I had to get my son's birth recorded so I got all of the paperwork from the hospital, got it translated, and took it to the consulate.  I don’t remember how long it took, but I had to go back down to the consulate after the Carter announcement, and there were long, long lines of Chinese.  I managed to work my way to the front where one of the Marines saw me and let me move to the head of the line.

After Jimmy Carter's announcement, we stopped driving our cars and took a van to work every day to be safe, but still had rocks and other things thrown at the van.  I heard a noise one night at my house and thought someone was breaking in.  I got up to check it out and there were six or seven police officers sitting on the bumper of my car in my carport.  Eventually the Chinese army moved a company of soldiers into the area and we had no problems from then on. There were a couple of stabbings and one or two servicemen were assaulted during this time frame but for the most part the Chinese were pretty decent to us.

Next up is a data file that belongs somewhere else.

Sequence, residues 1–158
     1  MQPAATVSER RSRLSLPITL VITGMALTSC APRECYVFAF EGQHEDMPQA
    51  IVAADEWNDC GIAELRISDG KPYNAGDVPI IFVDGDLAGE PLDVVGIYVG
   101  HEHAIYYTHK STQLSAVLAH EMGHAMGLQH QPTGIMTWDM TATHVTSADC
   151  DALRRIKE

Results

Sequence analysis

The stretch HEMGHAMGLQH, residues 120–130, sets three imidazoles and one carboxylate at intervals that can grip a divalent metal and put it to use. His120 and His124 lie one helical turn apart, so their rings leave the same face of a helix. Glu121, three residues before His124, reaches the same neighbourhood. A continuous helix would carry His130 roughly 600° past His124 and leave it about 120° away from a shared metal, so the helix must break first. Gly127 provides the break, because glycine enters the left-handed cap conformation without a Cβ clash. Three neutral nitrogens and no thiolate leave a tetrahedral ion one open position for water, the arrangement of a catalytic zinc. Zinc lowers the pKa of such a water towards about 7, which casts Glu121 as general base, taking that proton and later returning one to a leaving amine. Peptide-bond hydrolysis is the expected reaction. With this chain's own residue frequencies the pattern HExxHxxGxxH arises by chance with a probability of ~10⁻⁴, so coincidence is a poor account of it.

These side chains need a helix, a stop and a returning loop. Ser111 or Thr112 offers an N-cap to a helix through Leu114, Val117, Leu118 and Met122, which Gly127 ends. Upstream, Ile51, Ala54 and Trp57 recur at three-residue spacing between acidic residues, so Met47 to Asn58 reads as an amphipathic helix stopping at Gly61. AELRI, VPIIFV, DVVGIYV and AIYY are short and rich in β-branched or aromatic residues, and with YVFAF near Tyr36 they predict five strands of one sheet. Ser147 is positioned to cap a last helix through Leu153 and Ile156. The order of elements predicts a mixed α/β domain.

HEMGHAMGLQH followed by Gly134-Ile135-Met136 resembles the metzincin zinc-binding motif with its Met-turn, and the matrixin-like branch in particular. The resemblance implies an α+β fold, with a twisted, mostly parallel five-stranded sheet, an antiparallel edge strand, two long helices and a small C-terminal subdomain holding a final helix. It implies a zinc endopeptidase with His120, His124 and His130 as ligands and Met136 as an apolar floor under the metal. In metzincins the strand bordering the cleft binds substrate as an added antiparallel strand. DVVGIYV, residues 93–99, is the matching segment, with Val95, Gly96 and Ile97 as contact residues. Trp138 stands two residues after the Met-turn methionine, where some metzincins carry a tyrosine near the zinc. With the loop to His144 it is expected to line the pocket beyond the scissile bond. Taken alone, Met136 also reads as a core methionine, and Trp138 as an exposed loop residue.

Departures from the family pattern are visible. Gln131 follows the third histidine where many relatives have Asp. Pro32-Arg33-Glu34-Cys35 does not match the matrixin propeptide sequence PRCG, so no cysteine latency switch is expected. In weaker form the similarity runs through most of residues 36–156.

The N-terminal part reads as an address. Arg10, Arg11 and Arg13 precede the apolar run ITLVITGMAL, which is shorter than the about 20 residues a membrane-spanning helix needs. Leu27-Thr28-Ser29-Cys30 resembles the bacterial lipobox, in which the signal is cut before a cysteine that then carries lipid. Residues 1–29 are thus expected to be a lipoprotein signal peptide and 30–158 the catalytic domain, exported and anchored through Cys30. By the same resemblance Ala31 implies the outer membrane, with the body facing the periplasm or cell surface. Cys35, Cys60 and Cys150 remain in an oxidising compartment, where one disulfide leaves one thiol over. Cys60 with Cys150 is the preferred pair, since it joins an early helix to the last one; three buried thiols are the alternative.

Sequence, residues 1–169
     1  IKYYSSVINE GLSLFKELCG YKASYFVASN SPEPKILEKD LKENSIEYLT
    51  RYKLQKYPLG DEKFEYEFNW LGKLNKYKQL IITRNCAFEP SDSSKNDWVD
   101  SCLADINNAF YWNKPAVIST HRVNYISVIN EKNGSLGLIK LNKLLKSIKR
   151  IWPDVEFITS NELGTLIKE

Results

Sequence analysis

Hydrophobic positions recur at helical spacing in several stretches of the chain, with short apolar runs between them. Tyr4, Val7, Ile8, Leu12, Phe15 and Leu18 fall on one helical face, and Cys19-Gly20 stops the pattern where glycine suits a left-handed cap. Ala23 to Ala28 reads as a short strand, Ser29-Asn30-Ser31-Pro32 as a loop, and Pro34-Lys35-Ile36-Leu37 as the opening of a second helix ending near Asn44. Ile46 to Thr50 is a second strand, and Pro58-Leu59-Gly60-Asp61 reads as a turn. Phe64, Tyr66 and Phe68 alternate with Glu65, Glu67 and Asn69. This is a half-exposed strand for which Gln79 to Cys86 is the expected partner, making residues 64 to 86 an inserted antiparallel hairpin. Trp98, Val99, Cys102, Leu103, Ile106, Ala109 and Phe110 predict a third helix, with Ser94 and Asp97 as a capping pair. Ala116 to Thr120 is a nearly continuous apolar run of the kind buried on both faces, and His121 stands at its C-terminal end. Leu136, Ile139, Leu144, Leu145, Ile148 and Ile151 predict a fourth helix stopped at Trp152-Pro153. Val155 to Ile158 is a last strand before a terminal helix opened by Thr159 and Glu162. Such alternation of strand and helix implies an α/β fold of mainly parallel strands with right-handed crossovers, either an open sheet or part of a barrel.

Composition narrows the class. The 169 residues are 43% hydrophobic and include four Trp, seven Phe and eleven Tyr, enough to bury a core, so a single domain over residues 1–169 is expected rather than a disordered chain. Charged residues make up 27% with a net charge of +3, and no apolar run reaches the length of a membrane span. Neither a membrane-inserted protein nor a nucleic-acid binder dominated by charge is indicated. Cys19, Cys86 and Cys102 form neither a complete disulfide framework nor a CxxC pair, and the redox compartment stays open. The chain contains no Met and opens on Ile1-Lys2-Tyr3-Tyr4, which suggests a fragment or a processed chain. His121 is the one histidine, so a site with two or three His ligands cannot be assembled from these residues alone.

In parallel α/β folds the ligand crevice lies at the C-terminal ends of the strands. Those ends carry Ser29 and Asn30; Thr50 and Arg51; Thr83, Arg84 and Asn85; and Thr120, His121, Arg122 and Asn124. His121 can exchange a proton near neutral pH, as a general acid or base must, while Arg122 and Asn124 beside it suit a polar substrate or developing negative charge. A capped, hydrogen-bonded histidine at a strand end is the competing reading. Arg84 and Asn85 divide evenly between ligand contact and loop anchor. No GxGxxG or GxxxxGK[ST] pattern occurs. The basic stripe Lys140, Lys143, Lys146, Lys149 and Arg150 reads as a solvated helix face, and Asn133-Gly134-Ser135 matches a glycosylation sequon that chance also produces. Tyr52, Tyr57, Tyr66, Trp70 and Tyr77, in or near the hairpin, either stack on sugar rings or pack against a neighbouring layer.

Near the end, the post office stopped processing any shipments being made by personnel that weren’t stationed in Taiwan (Lots of folks would come from the Philippines and  elsewhere to buy stuff to ship back).  My wife became friends with a couple of them, so I would stand in line and ship their stuff for them (and sometimes it was a lot of stuff).  Then they would send us stuff from the Phillipines (or Okinawa or Japan).   We ended up with some nice stuff from those places.
I came back with a bunch of pirated record albums that I got from the record store across the intersection from the Roma hotel.   We would buy them cheap and record them on tape because they only lasted three or four plays on the turntable.

We departed 3/21/1979 and were on the next-to-last plane to leave. Our Amahs rode out to the airport with us.  There were lots of tears, knowing that we probably wouldn’t ever see them again.  It was pretty rough leaving, more so for my oldest son, who was four years old when we left.